OC Charter School Survives Rigorous Scrutiny, District Loses Control Over It

March 5, 2020 Updated: March 6, 2020
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COSTA MESA, Calif.—A months-long fight to keep an Orange County charter school open achieved its goal on March 4.

The Orange County Board of Education (OCBE) voted three to one to approve the Orange County School of the Arts’ (OCSA) renewal petition for the next five-year term, beginning on July 1, 2020. This also marks a new beginning with OCBE as the school’s new authorizer.

“It’s been very tense,” Kelly Townsend, president of OCSA’s parent organization told The Epoch Times. “It’s been a school that’s changed all of our lives. My child was a dreamer, she wanted to grow up and be a princess at Disneyland, and with the classes she gets to take in our conservatory she gets to learn how to do all of those things … every single thing she learns from classes are transferable to real life jobs, and she wants all of those to be with Disney. We’re very lucky.”

The famed arts charter school opened nearly 30 years ago and currently has about 2,200 students. It’s known for training successful alumni in the performing arts, including actors in “Game of Thrones” and “Glee.”

It operated under the authority of the Santa Ana School District. But the district and the school have been at odds for months, including ongoing litigation and strongly worded public statements against each other.

The disruption of the peaceful relationship between the district and school coincided with a recently increased scrutiny of charter schools statewide.

Epoch Times Photo
Orange County School of the Arts, in Santa Ana, Calif. (Courtesy of Orange County School of the Arts)
Epoch Times Photo
Orange County Board of Education member John W. Bedell speaks at board meeting on March 4, 2020. (Jamie Joseph/The Epoch Times)

When OCSA applied for its regular 5-year charter license renewal in December, the district objected against a handful of school policies and practices that have been standard procedure at the school for decades, according to school officials.

While freezing millions in the school’s funding, the district also sent the school a $19 million bill last year for retroactive special education contributions. The district had discovered a shortfall in the amount it was withholding from local schools for nearly 20 years for special education. It retroactively charged all local schools.

The American Civil Liberties Union (ACLU) spurred the district along and amplified its grievances against the charter. ACLU has been critical toward charter schools that mandate essays, auditions, or grade reviews as part of the application process. By law, public charters are not allowed to select students; they must be open to anyone.

The district, citing ACLU materials, argued that OCSA has a discriminatory enrollment process.

In the past, OCSA required students to send in audition tapes as part of the enrollment process. OCSA’s founder, Ralph S. Opacic, Ed.D., said at the March 4 board meeting that the school no longer admits students through that process.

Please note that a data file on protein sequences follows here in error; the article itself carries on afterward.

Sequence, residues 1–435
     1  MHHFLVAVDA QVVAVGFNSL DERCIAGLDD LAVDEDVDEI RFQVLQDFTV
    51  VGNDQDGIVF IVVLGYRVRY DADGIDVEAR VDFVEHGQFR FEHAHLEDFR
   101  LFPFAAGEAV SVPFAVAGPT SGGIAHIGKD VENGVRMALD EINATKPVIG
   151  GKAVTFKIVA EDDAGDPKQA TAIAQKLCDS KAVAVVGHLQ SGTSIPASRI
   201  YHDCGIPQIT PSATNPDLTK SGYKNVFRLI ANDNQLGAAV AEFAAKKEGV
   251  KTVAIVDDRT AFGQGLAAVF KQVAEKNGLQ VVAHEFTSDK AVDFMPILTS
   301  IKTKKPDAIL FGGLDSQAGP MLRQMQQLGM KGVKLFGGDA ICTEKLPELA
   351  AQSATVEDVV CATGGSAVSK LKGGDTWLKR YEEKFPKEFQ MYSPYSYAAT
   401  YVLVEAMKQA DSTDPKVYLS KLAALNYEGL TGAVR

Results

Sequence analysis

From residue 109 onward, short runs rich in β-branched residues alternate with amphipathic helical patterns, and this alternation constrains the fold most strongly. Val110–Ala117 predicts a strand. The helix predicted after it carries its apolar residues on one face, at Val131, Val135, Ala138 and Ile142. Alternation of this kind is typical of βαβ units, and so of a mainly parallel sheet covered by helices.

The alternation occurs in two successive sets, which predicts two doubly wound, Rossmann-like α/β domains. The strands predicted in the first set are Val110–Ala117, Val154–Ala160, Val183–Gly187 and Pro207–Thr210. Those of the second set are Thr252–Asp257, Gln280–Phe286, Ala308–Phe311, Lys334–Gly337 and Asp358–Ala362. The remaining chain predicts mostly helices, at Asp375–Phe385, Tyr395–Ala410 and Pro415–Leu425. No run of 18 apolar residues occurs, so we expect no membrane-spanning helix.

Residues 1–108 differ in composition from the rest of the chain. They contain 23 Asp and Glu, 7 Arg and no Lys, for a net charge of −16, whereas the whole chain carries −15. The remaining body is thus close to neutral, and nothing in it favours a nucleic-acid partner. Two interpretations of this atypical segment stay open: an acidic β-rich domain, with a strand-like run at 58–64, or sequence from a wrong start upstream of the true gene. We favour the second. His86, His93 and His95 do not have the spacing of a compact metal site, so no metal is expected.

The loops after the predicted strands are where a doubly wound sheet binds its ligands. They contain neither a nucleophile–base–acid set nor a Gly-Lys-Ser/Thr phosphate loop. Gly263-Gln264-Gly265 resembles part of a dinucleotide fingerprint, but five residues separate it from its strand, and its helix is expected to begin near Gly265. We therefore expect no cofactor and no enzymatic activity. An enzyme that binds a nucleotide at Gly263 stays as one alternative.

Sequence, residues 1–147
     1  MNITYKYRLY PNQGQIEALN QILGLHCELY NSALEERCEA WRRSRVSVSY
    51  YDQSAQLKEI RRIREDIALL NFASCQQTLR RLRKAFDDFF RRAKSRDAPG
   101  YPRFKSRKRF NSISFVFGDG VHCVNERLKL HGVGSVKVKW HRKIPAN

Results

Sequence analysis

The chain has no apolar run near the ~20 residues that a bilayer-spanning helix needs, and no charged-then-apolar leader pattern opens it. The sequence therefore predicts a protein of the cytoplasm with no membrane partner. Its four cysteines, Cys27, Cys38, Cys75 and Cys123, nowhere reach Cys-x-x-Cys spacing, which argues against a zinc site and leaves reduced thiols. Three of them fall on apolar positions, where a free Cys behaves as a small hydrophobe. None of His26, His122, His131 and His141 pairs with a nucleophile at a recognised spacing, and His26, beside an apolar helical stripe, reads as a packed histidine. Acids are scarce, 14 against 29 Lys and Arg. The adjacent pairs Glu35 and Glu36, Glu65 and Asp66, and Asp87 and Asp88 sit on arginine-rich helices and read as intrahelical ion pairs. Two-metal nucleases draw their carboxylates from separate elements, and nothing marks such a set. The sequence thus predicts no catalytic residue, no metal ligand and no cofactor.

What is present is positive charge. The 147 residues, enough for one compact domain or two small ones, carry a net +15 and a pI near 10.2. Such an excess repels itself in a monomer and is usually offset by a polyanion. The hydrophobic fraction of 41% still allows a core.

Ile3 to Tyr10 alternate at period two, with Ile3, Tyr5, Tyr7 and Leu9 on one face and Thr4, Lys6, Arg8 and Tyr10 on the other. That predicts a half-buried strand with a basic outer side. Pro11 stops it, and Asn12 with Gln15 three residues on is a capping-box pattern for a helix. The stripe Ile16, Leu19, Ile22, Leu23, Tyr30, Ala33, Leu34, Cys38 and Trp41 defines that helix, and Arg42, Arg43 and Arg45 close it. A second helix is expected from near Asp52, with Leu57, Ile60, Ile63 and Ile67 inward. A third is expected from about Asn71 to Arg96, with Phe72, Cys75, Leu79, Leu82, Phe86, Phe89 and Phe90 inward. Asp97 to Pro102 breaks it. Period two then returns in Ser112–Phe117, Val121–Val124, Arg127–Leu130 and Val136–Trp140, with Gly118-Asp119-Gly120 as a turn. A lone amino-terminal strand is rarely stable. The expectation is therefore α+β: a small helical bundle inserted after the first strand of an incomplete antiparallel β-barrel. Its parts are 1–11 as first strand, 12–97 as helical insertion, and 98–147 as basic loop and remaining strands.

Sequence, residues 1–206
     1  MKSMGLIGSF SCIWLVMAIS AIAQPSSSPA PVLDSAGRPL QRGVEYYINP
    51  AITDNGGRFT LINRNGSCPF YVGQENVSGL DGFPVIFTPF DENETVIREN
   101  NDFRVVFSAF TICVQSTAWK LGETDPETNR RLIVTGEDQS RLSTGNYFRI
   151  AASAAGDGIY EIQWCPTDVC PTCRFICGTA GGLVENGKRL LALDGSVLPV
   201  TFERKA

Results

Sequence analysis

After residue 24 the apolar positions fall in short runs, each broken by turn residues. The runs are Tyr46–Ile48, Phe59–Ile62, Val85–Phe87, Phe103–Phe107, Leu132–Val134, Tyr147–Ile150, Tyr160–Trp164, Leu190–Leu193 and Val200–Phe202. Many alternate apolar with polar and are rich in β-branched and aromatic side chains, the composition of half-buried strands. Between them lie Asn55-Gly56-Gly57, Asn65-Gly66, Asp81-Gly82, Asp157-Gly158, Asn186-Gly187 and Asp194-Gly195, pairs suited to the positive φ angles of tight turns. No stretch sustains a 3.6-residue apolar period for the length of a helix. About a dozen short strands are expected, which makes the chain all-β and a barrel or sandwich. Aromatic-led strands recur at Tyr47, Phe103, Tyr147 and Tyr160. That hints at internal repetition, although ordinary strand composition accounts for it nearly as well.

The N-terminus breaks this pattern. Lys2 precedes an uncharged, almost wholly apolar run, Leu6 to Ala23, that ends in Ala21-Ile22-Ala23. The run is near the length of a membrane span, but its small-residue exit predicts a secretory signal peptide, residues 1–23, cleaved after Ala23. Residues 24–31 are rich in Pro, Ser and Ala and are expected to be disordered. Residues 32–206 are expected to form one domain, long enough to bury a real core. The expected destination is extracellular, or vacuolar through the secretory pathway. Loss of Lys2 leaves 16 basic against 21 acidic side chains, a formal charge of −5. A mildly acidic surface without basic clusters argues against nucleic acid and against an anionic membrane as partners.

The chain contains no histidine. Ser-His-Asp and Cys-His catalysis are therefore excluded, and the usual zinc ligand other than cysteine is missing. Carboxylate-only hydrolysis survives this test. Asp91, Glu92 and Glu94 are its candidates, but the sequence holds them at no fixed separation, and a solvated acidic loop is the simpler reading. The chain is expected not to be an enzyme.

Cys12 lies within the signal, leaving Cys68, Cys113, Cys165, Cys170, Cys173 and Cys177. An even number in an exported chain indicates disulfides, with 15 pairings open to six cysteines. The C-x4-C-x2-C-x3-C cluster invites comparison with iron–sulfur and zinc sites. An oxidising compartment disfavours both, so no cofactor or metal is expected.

Instead, the school has “placement activities” prior to admittance, which gives the school an idea of which art conservatory would be the best fit for each student. Admissions are determined by lottery.

“Every student that comes to the placement activity will be in the lottery for some conservatory where they’ll be successful,” Opacic told the board.

The placement activity occurs prior to admission for scheduling and capacity reasons, Opacic said.

“What [the district] would like us to do is place 2,200 names in a hat, and pull out the first 400 that would come out of the hat. But if those first 400 are dancers—I only have 14 dance rooms,” Opacic said. “I can only have 280 dancers. If all 400 showed up as dancers, we wouldn’t be able to provide a sound educational program for them.”

Epoch Times Photo
Orange County School of the Arts, in Santa Ana, Calif. (Courtesy of Orange County School of the Arts)

Councilmember Rebecca Gomez was the only opposition vote on the board.

She continued to critique the school’s enrollment practices and to express concern about the placement activities.

“I would hate to see that we’re limiting those dreams of those kids by creating some sort of audition process,” Gomez said.

In December 2019, the district had not flat-out denied the school’s license renewal, but rather accepted it with conditions. OCSA had argued those conditions were unclear and so difficult to meet, that it was the same thing as denying the renewal.

Before the vote, Gomez said, “I don’t see what the harm would be in approving the petition with those conditions to assure that some of these changes have, in fact, been made.”

Board President Mari Barke, Vice President Ken Williams, and board member Lisa Sparks voted for the approval without conditions.

The packed boardroom erupted in a cheer and a round of applause after the vote was announced.

The school had first asked the Board of Education on Feb. 5 to take control of it, so it would no longer have to work with the district as its authorizer. And now its wish has been granted. The change in oversight takes place as of June 30.

Cheryl Laven is a parent of a student who began attending the charter last year. She told The Epoch Times that when the district billed OCSA $19 million, it “was a shock and confusing at first.”

“Certainly the fear of the school closing was a concern,” Laven said. “I feel absolutely fantastic now though. I feel that the OCBE is the right place in terms of oversight for OCSA.”